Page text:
Interpreting George W. Bush: A socio-semiotic illustration and a performance extension
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In this article I analyze the official portrait of U.S. President George W. Bush to exemplify my previous theoretical elaboration of an interpretive analytics of the sign based on socio-semiotics and symbolic interactionism. President Bush’s official portrait is analyzed paradigmatically and syntagmatically as a complex multimodal text. I examine this sign diachronically by reflecting on the processes of production, distribution, and especially consumption of the portrait occurring throughout his tenure and within the exo-semiotic context of the American and World society at the turn of the millennium. In particular, I focus on the socio-semiotic process of interpretation by building upon Start Hall’s coding/decoding model. Thus, I offer an overview of how hegemonic, oppositional, and negotiated codes are constituted by and in turn constitute discourses about the objects represented in this picture. In conclusion, I examine how social semiotics can be used to view semiosis as an everyday socio-political performance.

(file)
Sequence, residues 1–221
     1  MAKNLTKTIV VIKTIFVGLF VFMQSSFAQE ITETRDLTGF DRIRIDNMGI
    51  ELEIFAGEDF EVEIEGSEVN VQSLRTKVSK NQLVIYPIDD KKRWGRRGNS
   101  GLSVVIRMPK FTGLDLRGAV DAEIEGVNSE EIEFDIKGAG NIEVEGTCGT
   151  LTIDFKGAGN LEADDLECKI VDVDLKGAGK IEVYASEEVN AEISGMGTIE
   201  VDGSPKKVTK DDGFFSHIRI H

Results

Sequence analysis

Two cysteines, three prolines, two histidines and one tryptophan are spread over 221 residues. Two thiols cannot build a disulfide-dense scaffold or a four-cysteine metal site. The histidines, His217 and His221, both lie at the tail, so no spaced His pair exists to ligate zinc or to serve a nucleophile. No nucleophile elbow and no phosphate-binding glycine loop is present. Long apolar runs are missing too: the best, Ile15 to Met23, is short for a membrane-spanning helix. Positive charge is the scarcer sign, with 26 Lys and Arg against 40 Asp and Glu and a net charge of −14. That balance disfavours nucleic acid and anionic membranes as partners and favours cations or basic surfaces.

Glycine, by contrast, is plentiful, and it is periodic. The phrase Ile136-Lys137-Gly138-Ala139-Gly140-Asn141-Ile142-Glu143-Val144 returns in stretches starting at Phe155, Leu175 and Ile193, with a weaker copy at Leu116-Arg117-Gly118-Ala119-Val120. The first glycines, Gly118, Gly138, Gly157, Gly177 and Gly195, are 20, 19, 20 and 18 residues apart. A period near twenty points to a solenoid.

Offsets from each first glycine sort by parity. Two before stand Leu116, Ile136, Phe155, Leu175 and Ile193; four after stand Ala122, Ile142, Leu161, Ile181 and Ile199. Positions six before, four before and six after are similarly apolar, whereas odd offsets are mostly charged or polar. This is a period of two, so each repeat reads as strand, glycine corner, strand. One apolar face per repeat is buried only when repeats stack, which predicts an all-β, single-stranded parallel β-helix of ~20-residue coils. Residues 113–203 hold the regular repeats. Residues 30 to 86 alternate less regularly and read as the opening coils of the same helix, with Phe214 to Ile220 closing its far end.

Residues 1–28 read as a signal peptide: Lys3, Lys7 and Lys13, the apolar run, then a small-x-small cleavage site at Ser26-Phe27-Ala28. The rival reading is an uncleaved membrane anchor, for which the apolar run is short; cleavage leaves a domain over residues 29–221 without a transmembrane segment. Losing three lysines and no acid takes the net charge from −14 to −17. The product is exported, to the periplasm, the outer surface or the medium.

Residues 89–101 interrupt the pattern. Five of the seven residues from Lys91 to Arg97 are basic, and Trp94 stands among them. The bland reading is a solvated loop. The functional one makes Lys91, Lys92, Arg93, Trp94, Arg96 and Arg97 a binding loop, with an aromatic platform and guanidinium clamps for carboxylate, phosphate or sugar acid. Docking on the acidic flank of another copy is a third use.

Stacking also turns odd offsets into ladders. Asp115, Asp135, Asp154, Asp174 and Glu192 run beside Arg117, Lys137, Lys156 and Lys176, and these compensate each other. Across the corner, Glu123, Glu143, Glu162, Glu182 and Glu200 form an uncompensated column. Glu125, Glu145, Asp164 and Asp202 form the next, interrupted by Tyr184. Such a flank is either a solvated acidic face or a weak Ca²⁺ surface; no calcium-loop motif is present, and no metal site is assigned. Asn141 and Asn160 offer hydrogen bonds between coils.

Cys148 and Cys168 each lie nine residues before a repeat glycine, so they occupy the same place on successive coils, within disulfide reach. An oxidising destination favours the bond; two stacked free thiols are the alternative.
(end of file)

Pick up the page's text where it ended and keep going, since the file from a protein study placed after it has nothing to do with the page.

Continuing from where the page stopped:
This is a pre-print version. Publisher's version is available at DOI: 10.1016/S0163-2396(04)27013-2.